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Panel Discussion – Privacy & Pandemics: Developing Privacy Laws and Policies in a Post COVID-19 Africa

Title of Discussion: Privacy & Pandemics: Developing Privacy Laws and Policies in a Post COVID-19 Africa

Objectives and Scope:
  • Highlighting privacy-issues that have arisen during the COVID-19 pandemic and that have the potential to remain post-pandemic without adequate privacy-frameworks;
  • Raise awareness on the importance of strong, adequate privacy frameworks; the issue of state surveillance activities carrying over into a post-pandemic Africa; and the challenge of ensuring that privacy-laws are designed with reference to disadvantaged groups (including women and gender-diverse persons); and
  • Push for deeper harmonization of African privacy frameworks.
    Create a contextual awareness of the current status of data privacy laws in Africa (including what regional and continental privacy-frameworks exist in Africa); and
  • Gather opinions on best-approaches to inclusive, African-centric privacy frameworks.

The scope of the workshop will include the following policy questions:

  1. How can the right to privacy in Article 12 of the United Nations Declaration of Human Rights be protected and enforced in nation states who do not have national privacy frameworks / who have outdated or inadequate privacy frameworks?
  2. How can we provide for the systematic protection of women, and gender diverse people’s personal data, during and after a pandemic?
  3. To what extent can African privacy-law frameworks be harmonized post-COVID-19 to strengthen the right to privacy on a continental level?
  4. How can privacy-respecting track-and-trace systems be designed and implemented in an African context, considering the lack of access to technological devices/low internet penetration in Africa?

Expected results:

  • The expected outcome of the Workshop is to have created a forum for a multi-stakeholder discussion on privacy issues, both generally, and in the context of the COVID-19 pandemic.
  • It is an expected outcome that the take-aways from the Workshop may inform and stimulate novel policy stances of various-stakeholders including academia, civil society and government.
  • The output would include a Report on the discussions and take-aways in the Workshop.

Panelists: 

Pria Chetty (Moderator) consults global regional and national trends in technology law and policy to advise clients including tech multinationals, tech start-ups, governmental and non-governmental organizations – in Africa and globally. Pria has presented internationally and published journal articles, book chapter contributions, and conference papers. Pria has had over 15 years of experience and a Masters in ICT Policy and Regulation.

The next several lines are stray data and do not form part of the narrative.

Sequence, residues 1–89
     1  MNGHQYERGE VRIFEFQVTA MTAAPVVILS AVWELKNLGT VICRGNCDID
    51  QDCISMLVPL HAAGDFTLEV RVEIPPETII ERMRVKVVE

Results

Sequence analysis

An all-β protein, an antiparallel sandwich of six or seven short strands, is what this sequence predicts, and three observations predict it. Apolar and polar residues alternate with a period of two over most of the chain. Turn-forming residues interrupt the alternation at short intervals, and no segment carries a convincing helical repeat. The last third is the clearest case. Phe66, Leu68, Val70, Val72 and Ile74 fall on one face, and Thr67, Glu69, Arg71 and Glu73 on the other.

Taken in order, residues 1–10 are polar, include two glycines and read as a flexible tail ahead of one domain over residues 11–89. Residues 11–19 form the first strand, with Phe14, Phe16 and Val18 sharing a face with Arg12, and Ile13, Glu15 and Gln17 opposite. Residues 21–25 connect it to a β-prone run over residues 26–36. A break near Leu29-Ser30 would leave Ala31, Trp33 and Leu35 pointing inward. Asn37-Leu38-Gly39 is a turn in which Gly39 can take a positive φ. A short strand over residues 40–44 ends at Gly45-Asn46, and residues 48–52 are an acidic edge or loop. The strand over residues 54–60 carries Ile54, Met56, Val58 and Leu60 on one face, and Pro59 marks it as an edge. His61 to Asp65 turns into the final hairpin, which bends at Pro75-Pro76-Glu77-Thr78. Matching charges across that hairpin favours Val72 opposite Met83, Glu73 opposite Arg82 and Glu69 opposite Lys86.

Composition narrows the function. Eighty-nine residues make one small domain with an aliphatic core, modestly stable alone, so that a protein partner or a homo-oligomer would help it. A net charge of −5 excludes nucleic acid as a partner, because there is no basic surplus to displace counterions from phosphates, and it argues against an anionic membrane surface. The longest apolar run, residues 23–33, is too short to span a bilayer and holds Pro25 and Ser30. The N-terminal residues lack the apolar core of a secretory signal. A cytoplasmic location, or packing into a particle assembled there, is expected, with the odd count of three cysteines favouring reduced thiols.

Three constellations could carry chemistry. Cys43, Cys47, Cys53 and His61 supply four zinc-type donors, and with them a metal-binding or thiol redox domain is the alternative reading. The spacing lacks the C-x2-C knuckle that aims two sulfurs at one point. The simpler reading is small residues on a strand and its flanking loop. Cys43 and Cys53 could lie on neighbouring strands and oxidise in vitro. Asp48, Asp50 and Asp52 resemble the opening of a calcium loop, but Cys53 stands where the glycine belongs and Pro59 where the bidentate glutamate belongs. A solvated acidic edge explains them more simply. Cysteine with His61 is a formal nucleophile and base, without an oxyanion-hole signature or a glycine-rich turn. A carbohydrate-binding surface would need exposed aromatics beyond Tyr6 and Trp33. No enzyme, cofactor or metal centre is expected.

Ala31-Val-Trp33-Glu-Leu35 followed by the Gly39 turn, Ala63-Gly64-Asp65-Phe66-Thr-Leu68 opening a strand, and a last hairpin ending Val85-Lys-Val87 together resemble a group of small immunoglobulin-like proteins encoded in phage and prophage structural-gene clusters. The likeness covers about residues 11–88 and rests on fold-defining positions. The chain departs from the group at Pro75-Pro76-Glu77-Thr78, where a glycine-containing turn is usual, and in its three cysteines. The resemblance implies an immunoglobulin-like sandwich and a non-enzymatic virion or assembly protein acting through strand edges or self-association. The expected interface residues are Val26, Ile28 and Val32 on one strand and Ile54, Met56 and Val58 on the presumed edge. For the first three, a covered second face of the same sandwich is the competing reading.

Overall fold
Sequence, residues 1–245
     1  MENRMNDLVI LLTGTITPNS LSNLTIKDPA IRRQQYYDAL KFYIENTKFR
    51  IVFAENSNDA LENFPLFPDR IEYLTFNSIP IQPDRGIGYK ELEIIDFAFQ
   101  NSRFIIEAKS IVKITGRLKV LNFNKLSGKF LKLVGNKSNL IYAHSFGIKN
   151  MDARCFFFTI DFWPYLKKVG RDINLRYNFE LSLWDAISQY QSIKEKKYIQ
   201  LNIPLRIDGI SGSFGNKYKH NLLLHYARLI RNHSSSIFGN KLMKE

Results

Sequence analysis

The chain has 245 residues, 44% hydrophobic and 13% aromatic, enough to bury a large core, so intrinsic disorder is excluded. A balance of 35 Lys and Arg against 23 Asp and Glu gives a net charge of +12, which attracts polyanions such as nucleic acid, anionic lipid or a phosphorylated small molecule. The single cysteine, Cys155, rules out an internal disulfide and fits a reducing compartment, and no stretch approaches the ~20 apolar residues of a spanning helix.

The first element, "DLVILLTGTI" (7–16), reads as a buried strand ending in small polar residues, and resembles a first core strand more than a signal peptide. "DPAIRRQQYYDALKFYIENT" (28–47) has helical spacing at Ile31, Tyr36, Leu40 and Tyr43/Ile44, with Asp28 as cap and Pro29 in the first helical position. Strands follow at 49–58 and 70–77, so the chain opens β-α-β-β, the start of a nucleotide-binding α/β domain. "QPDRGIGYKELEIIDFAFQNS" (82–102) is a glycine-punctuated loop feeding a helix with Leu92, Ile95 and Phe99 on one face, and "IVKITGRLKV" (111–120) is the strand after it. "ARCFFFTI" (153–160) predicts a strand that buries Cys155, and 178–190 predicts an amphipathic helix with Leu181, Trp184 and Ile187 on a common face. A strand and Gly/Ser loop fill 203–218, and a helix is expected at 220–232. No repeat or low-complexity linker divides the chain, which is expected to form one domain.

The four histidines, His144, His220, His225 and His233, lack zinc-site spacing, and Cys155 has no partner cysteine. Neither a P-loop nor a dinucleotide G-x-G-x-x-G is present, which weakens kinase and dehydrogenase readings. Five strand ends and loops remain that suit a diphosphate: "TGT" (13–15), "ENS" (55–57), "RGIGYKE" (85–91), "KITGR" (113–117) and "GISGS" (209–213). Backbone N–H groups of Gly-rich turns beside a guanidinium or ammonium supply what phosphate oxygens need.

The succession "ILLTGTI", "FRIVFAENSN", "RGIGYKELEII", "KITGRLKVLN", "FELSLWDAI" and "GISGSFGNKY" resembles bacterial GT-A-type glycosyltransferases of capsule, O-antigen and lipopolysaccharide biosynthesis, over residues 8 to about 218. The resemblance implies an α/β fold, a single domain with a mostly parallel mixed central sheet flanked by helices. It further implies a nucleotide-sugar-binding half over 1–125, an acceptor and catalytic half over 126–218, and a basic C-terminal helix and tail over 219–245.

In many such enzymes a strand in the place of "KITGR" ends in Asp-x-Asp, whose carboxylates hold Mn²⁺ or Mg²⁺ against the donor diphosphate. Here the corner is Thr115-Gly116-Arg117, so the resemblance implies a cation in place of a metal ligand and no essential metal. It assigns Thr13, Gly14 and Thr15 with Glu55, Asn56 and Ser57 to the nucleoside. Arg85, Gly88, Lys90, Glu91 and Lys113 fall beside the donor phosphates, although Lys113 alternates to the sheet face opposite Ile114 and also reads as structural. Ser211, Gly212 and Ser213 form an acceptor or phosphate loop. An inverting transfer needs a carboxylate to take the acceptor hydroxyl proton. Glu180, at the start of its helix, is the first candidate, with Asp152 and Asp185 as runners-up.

Alex B. Makulilo is a Professor of Law and Technology at the Open University of Tanzania. He is the Co-Director and Chairperson of the African Law and Technology Institute. His most recent publication African Data Privacy Laws (2016), Springer, is a pioneering work in the field of data privacy in Africa. Professor Makulilo has also published widely journal articles on many aspects of computer law and information technology.

Tomiwa Ilori is a policy analyst and researcher. He has interests in the intersections of human rights and digital technologies. His focus is on how these technologies deregulate the public space for underserved communities and influence public policy.

Murray Hunter is a researcher on digital rights and author of a children’s book about surveillance. Up until early 2019, Murray also coordinated advocacy at the Right2Know Campaign.

Alon Alkalay is an Attorney of the High Court of South Africa holding a BA.LLB and an LLM in Information and Communications law. Alon is a Technology Law Advisor at EndCode whose work involves advising start-ups and established technology companies on contracts, compliance, and legal risk, as well as conducting research on emerging issues in technology law and policy in Africa. His core interests revolve around data-protection, privacy, and ethical AI.

 

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